Affton School District will start school year entirely virtual

Affton School District will start school year entirely virtual

By Erin Achenbach, Staff Reporter

The Affton School District will begin the fall semester with 100-percent distance learning due to the COVID-19 pandemic, the district announced Saturday. 

The Affton Board of Education voted unanimously 6-0 at a board workshop Saturday in favor of beginning the semester with 100-percent virtual learning at least through the first quarter of the school year, which ends Oct. 23. Board member Kenny Edgar was absent. 

Cases in St. Louis County have spiked so much in recent weeks, with the largest single-day totals seen since the start of the pandemic, that County Executive Sam Page issued seven business restrictions Monday to combat higher hospitalization admissions. Unlike the earlier wave of the coronavirus in April and May during the county’s stay-at-home orders, the latest cases have also been seen in young people, with Page taking the step of shutting down youth sports for more than 10 on a team last week. 

Page has encouraged all parents to choose their district’s all-virtual school option, and he said Monday he doesn’t believe that schools will open in person this fall. 

The Affton Board of Education usually holds an all-day, weekend board workshop each summer. 

“Last week, Monday through Saturday, is when we were doing a big push to gather input and feedback from staff and parents. That was a very intense week of listening, people filling out surveys, in-person meetings, webinars. Really trying to gain as much information as possible,” said Superintendent Travis Bracht in an interview with The Call on the district’s decision. “I read a lot of comments from parents and emails that they were struggling with the decision and didn’t know what the right thing to do was, so they appreciate the school district weighing in and helping out.”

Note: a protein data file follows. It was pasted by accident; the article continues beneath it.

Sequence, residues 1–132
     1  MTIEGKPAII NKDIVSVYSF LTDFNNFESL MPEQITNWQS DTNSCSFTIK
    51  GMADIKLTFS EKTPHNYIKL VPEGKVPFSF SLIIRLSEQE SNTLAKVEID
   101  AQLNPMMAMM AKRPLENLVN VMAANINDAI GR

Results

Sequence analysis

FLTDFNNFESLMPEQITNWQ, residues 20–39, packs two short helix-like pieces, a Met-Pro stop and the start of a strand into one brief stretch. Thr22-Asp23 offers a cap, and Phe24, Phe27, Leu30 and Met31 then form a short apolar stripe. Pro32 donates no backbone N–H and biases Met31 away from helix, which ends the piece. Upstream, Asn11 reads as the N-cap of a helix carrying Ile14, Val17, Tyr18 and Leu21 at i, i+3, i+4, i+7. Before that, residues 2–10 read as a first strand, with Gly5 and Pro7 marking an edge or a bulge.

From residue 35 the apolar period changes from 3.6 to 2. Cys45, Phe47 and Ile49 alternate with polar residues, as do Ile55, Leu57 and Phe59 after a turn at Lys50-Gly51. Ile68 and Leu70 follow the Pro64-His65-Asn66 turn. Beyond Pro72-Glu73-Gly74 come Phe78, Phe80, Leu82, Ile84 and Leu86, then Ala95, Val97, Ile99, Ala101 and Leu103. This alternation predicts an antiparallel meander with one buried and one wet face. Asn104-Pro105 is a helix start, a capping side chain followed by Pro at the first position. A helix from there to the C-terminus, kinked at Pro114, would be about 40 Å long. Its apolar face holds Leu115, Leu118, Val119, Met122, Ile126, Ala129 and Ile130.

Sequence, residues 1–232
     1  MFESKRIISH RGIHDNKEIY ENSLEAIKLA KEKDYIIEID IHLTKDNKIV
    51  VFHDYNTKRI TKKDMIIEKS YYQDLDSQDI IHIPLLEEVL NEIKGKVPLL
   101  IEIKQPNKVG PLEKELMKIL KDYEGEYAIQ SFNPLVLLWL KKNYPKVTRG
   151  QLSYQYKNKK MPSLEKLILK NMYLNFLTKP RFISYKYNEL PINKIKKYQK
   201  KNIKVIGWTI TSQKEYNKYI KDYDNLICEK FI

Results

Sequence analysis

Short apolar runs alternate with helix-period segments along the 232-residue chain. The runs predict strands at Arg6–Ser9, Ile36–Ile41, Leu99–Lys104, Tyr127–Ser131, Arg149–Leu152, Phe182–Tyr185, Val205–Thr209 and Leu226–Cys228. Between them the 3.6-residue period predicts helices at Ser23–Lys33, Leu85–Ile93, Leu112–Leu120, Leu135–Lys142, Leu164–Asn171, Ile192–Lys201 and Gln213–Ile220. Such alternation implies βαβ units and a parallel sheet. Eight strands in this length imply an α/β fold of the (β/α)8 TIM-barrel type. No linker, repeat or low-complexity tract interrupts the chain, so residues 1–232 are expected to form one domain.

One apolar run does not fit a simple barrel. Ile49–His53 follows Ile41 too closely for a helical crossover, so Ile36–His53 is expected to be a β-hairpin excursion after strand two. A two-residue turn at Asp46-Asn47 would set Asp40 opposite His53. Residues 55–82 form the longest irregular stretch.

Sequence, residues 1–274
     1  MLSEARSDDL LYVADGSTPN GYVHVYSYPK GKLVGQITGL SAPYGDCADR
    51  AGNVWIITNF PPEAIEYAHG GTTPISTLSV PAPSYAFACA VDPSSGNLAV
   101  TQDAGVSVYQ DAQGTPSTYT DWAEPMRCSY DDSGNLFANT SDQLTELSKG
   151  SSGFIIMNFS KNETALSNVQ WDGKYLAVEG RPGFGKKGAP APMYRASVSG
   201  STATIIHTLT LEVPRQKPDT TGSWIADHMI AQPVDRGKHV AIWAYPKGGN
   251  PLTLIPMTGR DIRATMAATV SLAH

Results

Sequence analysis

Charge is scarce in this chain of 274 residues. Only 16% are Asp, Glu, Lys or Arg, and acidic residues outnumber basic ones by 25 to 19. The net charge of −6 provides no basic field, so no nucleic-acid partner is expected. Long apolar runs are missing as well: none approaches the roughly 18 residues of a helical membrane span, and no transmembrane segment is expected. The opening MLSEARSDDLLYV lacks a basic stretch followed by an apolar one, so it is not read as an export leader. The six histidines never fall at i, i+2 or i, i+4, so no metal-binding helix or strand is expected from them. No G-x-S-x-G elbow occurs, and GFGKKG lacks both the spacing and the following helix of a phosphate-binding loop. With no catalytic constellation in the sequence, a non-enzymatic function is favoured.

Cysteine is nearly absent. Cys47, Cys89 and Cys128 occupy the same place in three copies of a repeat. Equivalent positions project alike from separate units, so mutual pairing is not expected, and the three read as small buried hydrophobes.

In data presented to the Board of Education, 1,022 students had selected in-person schooling, while 906 opted for virtual, with 75 percent of total students reporting. The district felt that the numbers were close enough to opt for entirely virtual to start. 

Bracht also added that with the way cases were trending in St. Louis County, he didn’t feel “comfortable about where we may be in a month. … There was also the anxiety and build up to the first day of school from a kid and staff perspective if things continued to get worse.” 

Affton joins other school districts in the St. Louis region such as Hazelwood, Ferguson-Florissant and Ritenour that will begin the school year with 100 percent remote learning, and it is the first South County district to make that decision. Some county districts, including Lindbergh Schools, Rockwood and Fox, released plans July 20 calling for partial in-person learning two days a week, while the Mehlville School District and Bayless Schools are still undecided

Affton’s decision to begin remotely boiled down to the questions and concerns received from parents and staff about in-person school versus virtual learning, Bracht said.

“Seventy percent of questions were about in-person learning, from health and safety to masks. The questions were all over the board. We were really struggling with ‘How are we going to get acceptable answers to all of those questions with the way things are trending?’” said Bracht. “We felt more comfortable finding answers to the questions about virtual learning. Not as many, more concise and it gives the staff the ability to have decisive answers. These answers will not have to change regardless of circumstance.”